Creating Safe Spaces in Predominantly White Classrooms   Pamela Perry     226
On Spotlighting and Ignoring Racial Group Members in the Classroom   Dorinda J. Carter     230
Spearhead Conversations with Students about Racism in Their Lives and Yours     235
Racial Incidents as Teachable Moments   Lawrence Blum     236
Debating Racially Charged Topics   Ian F. Haney Lopez     242
Developing Antiracist School Policy   David Gillborn     246
Talk Thoroughly with Colleagues about Race and Achievement     253
Focusing on Student Learning   John B. Diamond     254
Moving Beyond Quick "Cultural" Explanations   Vivian Louie     257
Naming the Racial Hierarchies That Arise During School Reforms   Rosemary Henze     262
Spearheading School-wide Reform   Willis D. Hawley     267
Analyze, with Colleagues and Students, How Your Race Affects Your Teaching     273
Responding to the "N-Word"   Wendy Luttrell     274
Engaging Diverse Groups of Colleagues in Conversation   Alice McIntyre     279
Locating Yourself for Your Students   Priya Parmar   Shirley Steinberg     283
Expanding Definitions of "Good Teaching"   Lee Anne Bell     287
Engaging Communities for Real     291
Inquire Fully about Home Communities     293
Valuing Students' Home Worlds   Eugene E. Garcia     294
Getting to Know Students' Communities   Leisy Wyman   Grant Kashatok     299
Helping Students Research Their Communities   Kathleen Cushman     305
Discuss Parents' Experiences of Racially Unequal Opportunity     309
Cultivating the Trust of Black Parents   Beverly Daniel Tatum     310
Helping Parents Fight Stereotypes about Their Children   Janie Victoria Ward     314
Informing Parents about Available Opportunities   Roslyn Arlin Mickelson   Linwood H. Cousins     318
Keeping it Going     325
Struggle to Change a System That Is Unequal, While Working Within It     327
Resisting the "Lone Hero" Stance   Audrey Thompson     328
Recognizing the Likelihood of Reproducing Racism   Eduardo Bonilla-Silva   David G. Embrick     334
Staying Hopeful   Ronald David Glass     337
What Is Next?   Mica Pollock     341
Complete List of Everyday Antiracist Strategies      343
Notes     349
Reference List     361
Index     381
Read More Show Less

Customer Reviews

Be the first to write a review
( 0 )
Rating Distribution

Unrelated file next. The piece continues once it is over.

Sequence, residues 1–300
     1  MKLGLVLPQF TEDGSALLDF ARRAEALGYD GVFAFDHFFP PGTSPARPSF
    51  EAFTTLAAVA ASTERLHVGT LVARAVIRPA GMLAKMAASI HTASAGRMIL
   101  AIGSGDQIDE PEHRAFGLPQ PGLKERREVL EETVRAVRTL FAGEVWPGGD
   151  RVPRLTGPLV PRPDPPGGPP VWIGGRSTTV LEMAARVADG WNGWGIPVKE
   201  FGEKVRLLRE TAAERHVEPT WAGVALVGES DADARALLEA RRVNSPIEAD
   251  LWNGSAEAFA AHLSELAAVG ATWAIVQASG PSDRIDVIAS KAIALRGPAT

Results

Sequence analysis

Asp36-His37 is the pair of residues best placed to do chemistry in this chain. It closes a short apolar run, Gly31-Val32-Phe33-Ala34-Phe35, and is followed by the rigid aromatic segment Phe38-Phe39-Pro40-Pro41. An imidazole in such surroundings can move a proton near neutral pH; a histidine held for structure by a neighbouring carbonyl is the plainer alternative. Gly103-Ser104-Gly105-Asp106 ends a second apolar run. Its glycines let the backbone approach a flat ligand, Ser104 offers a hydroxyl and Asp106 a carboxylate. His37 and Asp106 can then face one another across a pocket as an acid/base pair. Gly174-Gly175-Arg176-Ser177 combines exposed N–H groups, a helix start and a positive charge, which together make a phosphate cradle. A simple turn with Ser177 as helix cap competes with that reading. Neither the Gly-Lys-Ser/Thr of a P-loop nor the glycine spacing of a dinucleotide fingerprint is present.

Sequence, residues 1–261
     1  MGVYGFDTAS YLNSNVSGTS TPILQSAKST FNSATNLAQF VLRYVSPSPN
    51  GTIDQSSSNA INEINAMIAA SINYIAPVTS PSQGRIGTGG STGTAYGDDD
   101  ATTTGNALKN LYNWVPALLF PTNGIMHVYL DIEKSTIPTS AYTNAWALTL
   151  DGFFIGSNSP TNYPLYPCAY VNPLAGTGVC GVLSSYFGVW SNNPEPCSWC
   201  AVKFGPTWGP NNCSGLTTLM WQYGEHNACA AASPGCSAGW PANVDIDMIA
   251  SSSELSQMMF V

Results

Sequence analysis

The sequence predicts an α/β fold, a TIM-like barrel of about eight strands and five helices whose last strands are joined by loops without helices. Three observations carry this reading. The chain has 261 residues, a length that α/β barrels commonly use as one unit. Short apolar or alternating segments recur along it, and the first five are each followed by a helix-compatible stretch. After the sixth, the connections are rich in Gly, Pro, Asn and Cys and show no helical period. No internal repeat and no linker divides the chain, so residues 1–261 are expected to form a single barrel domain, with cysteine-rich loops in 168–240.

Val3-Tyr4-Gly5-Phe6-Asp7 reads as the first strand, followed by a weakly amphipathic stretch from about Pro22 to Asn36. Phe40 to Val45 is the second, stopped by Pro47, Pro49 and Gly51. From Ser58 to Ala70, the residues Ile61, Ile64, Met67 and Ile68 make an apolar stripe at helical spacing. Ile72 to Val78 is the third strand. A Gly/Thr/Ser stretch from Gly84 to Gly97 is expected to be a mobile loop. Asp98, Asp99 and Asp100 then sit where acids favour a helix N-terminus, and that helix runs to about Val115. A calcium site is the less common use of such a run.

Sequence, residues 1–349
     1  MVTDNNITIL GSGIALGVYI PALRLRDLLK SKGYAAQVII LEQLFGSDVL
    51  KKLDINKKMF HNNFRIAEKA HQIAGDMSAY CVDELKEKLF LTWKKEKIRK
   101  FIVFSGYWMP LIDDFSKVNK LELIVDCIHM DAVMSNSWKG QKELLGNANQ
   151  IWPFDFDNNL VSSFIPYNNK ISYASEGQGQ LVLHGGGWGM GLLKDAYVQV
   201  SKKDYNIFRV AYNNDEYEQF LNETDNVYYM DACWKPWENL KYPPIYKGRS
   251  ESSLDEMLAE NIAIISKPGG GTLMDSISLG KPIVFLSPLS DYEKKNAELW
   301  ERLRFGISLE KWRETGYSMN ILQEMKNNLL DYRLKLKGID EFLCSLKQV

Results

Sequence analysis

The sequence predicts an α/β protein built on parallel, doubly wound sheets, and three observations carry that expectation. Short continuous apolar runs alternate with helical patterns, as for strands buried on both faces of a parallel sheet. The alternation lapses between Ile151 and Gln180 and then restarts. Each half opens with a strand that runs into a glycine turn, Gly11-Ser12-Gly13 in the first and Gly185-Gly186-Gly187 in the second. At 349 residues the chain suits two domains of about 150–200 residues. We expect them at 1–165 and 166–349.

5 Star


4 Star


3 Star


2 Star


1 Star


Your Rating:

Your Name: Create a Pen Name or

Barnes & Noble.com Review Rules

Our reader reviews allow you to share your comments on titles you liked, or didn't, with others. By submitting an online review, you are representing to Barnes & Noble.com that all information contained in your review is original and accurate in all respects, and that the submission of such content by you and the posting of such content by Barnes & Noble.com does not and will not violate the rights of any third party. Please follow the rules below to help ensure that your review can be posted.

Reviews by Our Customers Under the Age of 13

We highly value and respect everyone's opinion concerning the titles we offer. However, we cannot allow persons under the age of 13 to have accounts at BN.com or to post customer reviews. Please see our Terms of Use for more details.

What to exclude from your review:

Please do not write about reviews, commentary, or information posted on the product page. If you see any errors in the information on the product page, please send us an email.

Reviews should not contain any of the following:

  • - HTML tags, profanity, obscenities, vulgarities, or comments that defame anyone
  • - Time-sensitive information such as tour dates, signings, lectures, etc.
  • - Single-word reviews. Other people will read your review to discover why you liked or didn't like the title. Be descriptive.
  • - Comments focusing on the author or that may ruin the ending for others
  • - Phone numbers, addresses, URLs
  • - Pricing and availability information or alternative ordering information
  • - Advertisements or commercial solicitation


  • - By submitting a review, you grant to Barnes & Noble.com and its sublicensees the royalty-free, perpetual, irrevocable right and license to use the review in accordance with the Barnes & Noble.com Terms of Use.
  • - Barnes & Noble.com reserves the right not to post any review -- particularly those that do not follow the terms and conditions of these Rules. Barnes & Noble.com also reserves the right to remove any review at any time without notice.
  • - See Terms of Use for other conditions and disclaimers.
Search for Products You'd Like to Recommend

Recommend other products that relate to your review. Just search for them below and share!

Create a Pen Name

Your Pen Name is your unique identity on BN.com. It will appear on the reviews you write and other website activities. Your Pen Name cannot be edited, changed or deleted once submitted.

Your Pen Name can be any combination of alphanumeric characters (plus - and _), and must be at least two characters long.

Continue Anonymously

    If you find inappropriate content, please report it to Barnes & Noble
    Why is this product inappropriate?
    Comments (optional)